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AndromedaWay
2013-Jun-17, 07:11 PM
I have a question for you. What, if you're into astronomy and outer space, fascinates you the most about it? For me it would be the sizes and distances involved. Talking about distances, consider: light travels at or around six trillion miles in a year in the vacuum of space. Yet, even moving 186,000 miles a second, it would take even light thousands, millions, even billions of years to get to all kinds of places in the universe. Those are the kinds of distances you can't even really think about, no matter how hard you try.
Then too there are the enormous sizes of things in the universe: galaxies, nebula, stars, what have you. We think our Earth is huge, and it is - to us. But our Earth fades into obscurity from a few billion miles out. Our solar system is, to us again, huge beyond imagining. And to us puny humans, it is. However it's tiny, tiny, tiny compared to our galaxy. And even our galaxy becomes a pinpoint of light the further in space you get.
I could prattle on and on about this kind of thing; hey, it fascinates me. Now, what fascinates you?

Solfe
2013-Jun-17, 08:17 PM
Endless variety for me. The distances are sort of a downer.

Spacedude
2013-Jun-17, 08:41 PM
All of the above that you listed but, it's the universe's estimated Age of 13.8 billion years that tops it for me. If there is a "God" involved he sure had a lot of time on his hands before thinking about creating the Earth and then us. Not only are we a speck in space, we're a speck in time.

BigDon
2013-Jun-17, 10:01 PM
All of the above that you listed but, it's the universe's estimated Age of 13.8 billion years that tops it for me. If there is a "God" involved he sure had a lot of time on his hands before thinking about creating the Earth and then us. Not only are we a speck in space, we're a speck in time.

And this is just the start.

Deep time studies suggest an outer age of three trillion years or 3000 billion. 13 billion years is still the opening credits.

BigDon
2013-Jun-17, 10:05 PM
Something just hit me. On this time-scale, when does the Universe run out of readily available hydrogen for star formation?

AndromedaWay
2013-Jun-17, 10:26 PM
Something just hit me. On this time-scale, when does the Universe run out of readily available hydrogen for star formation?
A long, long, LONG, LONG, LONG time from now ;)

neilzero
2013-Jun-17, 11:05 PM
I like the idea that we have a trillion more years of seeing naked eye stars. So I will guess that 1% of all the hydrogen everywhere is already in stars, planets, compact stars, brown dwarfs, asteroids comets and moons. On the bad side about 90 percent of the hydrogen is in the portion of the universe that is expanding at an accelerating rate, so it will likely never form stars, but possibly half of it is hydrogen ice, a few atoms per chunk = sub microscopic.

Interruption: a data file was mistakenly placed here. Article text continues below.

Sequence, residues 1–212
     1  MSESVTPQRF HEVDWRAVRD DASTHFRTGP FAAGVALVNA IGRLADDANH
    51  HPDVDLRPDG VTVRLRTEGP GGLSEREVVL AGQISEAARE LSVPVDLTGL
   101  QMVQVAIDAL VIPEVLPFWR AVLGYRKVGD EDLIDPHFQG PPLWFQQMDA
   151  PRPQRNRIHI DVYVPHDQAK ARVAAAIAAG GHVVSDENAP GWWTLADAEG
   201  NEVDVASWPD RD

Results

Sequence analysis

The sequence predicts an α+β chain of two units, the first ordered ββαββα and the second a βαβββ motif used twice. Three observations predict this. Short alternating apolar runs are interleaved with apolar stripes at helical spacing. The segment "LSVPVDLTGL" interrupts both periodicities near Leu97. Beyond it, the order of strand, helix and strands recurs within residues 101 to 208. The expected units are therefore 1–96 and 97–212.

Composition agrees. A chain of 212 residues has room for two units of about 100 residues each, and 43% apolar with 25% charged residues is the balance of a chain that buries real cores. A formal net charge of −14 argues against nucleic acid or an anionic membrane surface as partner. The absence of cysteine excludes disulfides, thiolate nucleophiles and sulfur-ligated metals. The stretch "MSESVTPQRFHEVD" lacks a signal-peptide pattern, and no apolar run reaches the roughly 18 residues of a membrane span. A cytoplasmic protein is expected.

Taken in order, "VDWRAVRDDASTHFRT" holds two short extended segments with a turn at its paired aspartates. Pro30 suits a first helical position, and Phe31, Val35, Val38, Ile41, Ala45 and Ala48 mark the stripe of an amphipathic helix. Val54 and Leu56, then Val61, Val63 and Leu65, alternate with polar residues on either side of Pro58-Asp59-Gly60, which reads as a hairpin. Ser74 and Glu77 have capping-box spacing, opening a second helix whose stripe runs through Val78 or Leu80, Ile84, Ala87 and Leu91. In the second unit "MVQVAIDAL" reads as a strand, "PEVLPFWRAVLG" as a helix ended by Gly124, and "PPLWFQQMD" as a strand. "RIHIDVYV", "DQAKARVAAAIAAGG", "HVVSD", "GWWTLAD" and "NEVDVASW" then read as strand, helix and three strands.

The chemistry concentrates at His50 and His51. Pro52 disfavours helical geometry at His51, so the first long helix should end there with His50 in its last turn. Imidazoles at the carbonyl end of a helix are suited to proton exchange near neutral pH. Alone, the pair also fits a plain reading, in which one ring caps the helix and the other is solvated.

Most of the 1% is already sequestered, but trace amounts are escaping from various bodies steadilly and punctuated, such as red giant stars, solar wind and super nova = some of the hydrogen is being recycled. Likely there will be about half as many naked eye visible stars, just before Andromeda merges, which will possibly produce a ten times increase in naked eye visible stars for about a billion years , followed by a slow dwindling in their number as perhaps half of the hydrogen in our galaxy will be sequestered with the remainder mostly too widely scattered. A few other galaxies will be brightly lit, but possibly none within naked eye distance.
One trillion years from now there will still be lots of class M stars, but very few OBAFGK stars in our galaxy (unless another galaxy merges after Andromeda) as they will be cold compact stars with rare exceptions. Neil

slang
2013-Jun-17, 11:27 PM
Supermassive black holes eating stars. SMBH's small enough that the star gets torn apart outside the event horizon. Such events are called TDE's, Tidal Disruption Events, causing a gamma ray burst, and a lot of study has already gone into it. I won't pretend to understand most of it, but those events fascinate me, as does how information is eeked from GRBs to infer their happening.

That's eating stars. Those humongous gigantic and also very big things like that big yellowish son of a gun that gives us life. Eaten'. Like, zap. Fascinating. :)

edona7
2013-Jun-17, 11:40 PM
I like the fact that astrophysics encompass things as massive as SMBHs and things as small as quarks (when going back to the Big Bang). Kind of covers it all, physics wise. and get the best photos to look at. I can still remember when if first saw images from the Hubble Space Telescope. My favorite are the stellar nurseries. Something I could never have imagined.

Clarissa

Swift
2013-Jun-18, 01:23 AM
To elaborate, this section of the forum is for astronomy and space exploration questions with straightforward, generally accepted answers.
As this is almost certainly going to be a broad discussion, and not a question with a simple, straightforward answer, I'm moving this thread from Q&A to Astronomy.

Spacedude
2013-Jun-18, 02:16 PM
Thanks BigDon, after I posted "13.8 billion years" it hit me that I should have said "at the very least 13.8 billion years".

Buttercup
2013-Jun-18, 02:25 PM
Hypocrites.

Especially how blind to self they can be. :surprised:

Yeah, I know this is supposed to be about outer space: My answer is "distance." Mind-boggling.

Cougar
2013-Jun-18, 05:48 PM
What's really fascinating is how much our scientists have figured out in the past 100 years, before which it was unknown if the Milky Way galaxy was the entire universe or not. This is not to say there's not a lot yet to figure out, but come on, our understanding of the universe has really expanded beyond all imagination in the past 100 years.

kzb
2013-Jun-18, 05:51 PM
It's actually the closer to home stuff that I find most interesting. Our own galaxy and the solar neighbourhood. I think that is because I believe have a chance of actually understanding it. Plus, it's real things with a bit of certainty.

Beyond that, I think things are a bit woolly. A lot of current cosmology could well be heavily revised in the next few decades or centuries.

Ilya
2013-Jun-18, 07:15 PM
Brief summary of the future, in years:

If proton is unstable:

Sun becomes red giant: 5*10^9
All stellar activity ceases: 10^14
Galaxies cease to exist (all matter is either flung out or falls into central black hole): 10^22
All baryonic matter decays: 10^30-10^36
Star-size black holes evaporate: 10^66
Galactic black holes evaporate: 10^100

If proton is stable:

Sun becomes red giant: 5*10^9
All stellar activity ceases: 10^14
Galaxies cease to exist (all matter is either flung out or falls into central black hole): 10^22